Of the eleven defendants, Judge Wingo distinguished the three who climbed into the rafters of the building from seven who remained on the ground within it in defiance of a police order to vacate. All are required to pay a mandatory $50 assessment to the Victims of Violent Crimes fund.

The seven who remained on the ground within the structure received a $100 fine, suspended.

For the three defendants who took to the rafters and defended it against police the entire day, she took into consideration her assessment that their conduct was “a little more dangerous,” and she believed their “point [as protestors] could have been made another way.” She urged them to “think about the danger posed to themselves and others.” She also imposed $100 fine but did not suspend it.

In addition, one defendant, David Givens, was the last person extricated from the rafters of the OccuBarn, pried off by police officers and delivered into custody by a cherry picker. After ten hours aloft, he declined offers by police to use the porta-potty when they informed him he wouldn’t be able to return to the roof, so he relieved himself. “Urinating in an arc,” the judge said in the findings of fact, “making a display of himself, though not an extreme one.”

Taking into consideration her belief that Givens put Park Police officers “in a fair amount of danger,” she sentenced him to a $150 fine, 90 days suspended, one year unsupervised probation and 24 hours of community service, plus $150 to the Victims of Violent Crime fund.

Upon learning that Givens spent five days in jail when he didn’t identify himself in court, the judge said, “Mr. Givens is committed.” The defendants responded with twinkle fingers, an Occupy signal of solidarity.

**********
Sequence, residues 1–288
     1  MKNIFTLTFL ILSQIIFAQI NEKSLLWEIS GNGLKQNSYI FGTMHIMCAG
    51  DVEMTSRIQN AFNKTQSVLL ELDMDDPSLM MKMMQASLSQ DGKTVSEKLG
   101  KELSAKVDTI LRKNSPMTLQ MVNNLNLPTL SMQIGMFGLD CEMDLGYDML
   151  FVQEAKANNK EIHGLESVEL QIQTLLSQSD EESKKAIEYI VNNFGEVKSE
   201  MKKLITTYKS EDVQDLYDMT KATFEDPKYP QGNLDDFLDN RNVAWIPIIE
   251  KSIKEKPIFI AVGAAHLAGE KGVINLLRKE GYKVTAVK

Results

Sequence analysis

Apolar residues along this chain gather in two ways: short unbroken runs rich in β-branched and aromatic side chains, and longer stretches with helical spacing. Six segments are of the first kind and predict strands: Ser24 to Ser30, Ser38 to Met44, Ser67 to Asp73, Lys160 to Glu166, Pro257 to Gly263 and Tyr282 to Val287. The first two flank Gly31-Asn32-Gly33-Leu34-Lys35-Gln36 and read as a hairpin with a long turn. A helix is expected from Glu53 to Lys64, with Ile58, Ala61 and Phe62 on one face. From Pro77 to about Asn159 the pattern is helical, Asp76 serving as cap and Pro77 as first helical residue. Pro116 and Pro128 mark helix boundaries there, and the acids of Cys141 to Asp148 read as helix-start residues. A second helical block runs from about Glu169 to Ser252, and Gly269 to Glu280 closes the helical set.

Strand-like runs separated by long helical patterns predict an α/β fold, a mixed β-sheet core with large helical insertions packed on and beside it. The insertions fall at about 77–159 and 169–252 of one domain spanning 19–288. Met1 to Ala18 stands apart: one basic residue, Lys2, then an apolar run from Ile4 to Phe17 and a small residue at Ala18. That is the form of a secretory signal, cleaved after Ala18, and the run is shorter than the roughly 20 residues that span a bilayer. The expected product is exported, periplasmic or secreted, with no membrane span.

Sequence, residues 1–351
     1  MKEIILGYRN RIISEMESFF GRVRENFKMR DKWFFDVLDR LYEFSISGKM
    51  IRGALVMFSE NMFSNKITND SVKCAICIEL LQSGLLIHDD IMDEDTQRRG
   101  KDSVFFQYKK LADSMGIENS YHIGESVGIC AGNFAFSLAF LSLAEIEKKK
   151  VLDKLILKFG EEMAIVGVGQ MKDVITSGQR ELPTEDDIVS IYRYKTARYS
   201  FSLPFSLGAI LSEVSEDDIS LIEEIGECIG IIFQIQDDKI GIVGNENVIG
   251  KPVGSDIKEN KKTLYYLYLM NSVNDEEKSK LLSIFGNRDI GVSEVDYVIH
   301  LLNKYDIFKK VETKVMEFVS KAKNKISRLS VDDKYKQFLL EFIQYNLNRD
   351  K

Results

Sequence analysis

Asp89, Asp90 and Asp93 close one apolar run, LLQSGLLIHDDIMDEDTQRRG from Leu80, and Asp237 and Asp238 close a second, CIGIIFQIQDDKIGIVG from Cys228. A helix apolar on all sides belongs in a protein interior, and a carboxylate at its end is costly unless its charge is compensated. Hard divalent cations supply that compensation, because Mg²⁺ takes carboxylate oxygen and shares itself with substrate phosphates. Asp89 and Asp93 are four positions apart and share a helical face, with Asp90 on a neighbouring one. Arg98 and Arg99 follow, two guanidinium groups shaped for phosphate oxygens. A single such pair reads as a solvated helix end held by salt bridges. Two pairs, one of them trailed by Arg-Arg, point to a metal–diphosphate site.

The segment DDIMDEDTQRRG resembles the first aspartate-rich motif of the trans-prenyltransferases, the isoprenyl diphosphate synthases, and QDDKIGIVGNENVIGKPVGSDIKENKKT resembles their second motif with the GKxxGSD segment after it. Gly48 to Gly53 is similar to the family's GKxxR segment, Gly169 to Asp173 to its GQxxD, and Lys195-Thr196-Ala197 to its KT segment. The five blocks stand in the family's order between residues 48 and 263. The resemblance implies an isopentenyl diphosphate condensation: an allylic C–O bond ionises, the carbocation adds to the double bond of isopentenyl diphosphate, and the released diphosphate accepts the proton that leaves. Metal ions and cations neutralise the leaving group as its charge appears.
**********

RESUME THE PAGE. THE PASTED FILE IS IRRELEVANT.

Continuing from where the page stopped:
Defense counsel Jeff Light was generally pleased by sentencing. “We asked for $1 fine, and got a $0 fine,” he said.

He also thought they were in an advantageous position for appeal. “The judge did a great job of laying out the facts. Findings of fact were great. They’re now and forever the gospel.”

The case will go to appeal, first to an Associate Judge in DC Superior Court, then to the Court of Appeals.

UPDATE: In statement released by his office, Attorney General Irvin B. Nathan said, “We respect the right of Occupy DC participants to communicate their message to the public, but they crossed the line by refusing lawful orders to leave a structure that had been declared unsafe. I commend the work of the prosecutors in our Public Safety Division for securing this conviction.”

Corrections: A previous version of this post incorrectly stated that eight defendants were given a $100 suspended fine, rather than seven. Also, David Givens was charged with disorderly conduct, not urination in public.

OccuBarn trial: Emergency situation

Some facets of the OccuBarn trial go to the heart of First Amendment issues dogging Occupy movement protests. One of those issues is discretionary powers of police–how laws governing them are conceived, and how those powers are used and abused.

Since findings of fact could very likely go against the defendants in the OccuBarn trial, defense counsel Jeff Light has gone for the jugular in attacking the substantive basis of the charges themselves. And, not only is he challenging the constitutionality of the statutes, he’s attacking the situational basis of one charge in particular: “failure to obey order – emergency.” All fourteen defendants face this charge.

Light is calling into question whether the scene at McPherson Park on December 4, 2011 warranted a declaration of emergency by the police, and he furthermore asserts that they exercised discretionary powers at odds with First Amendment rights.

In the motion to dismiss, he cites an appellate court ruling (Washington Mobilization Committee v. Cullinane) which struck down the District police lines regulation (of which this emergency statute is a part) for being overly broad: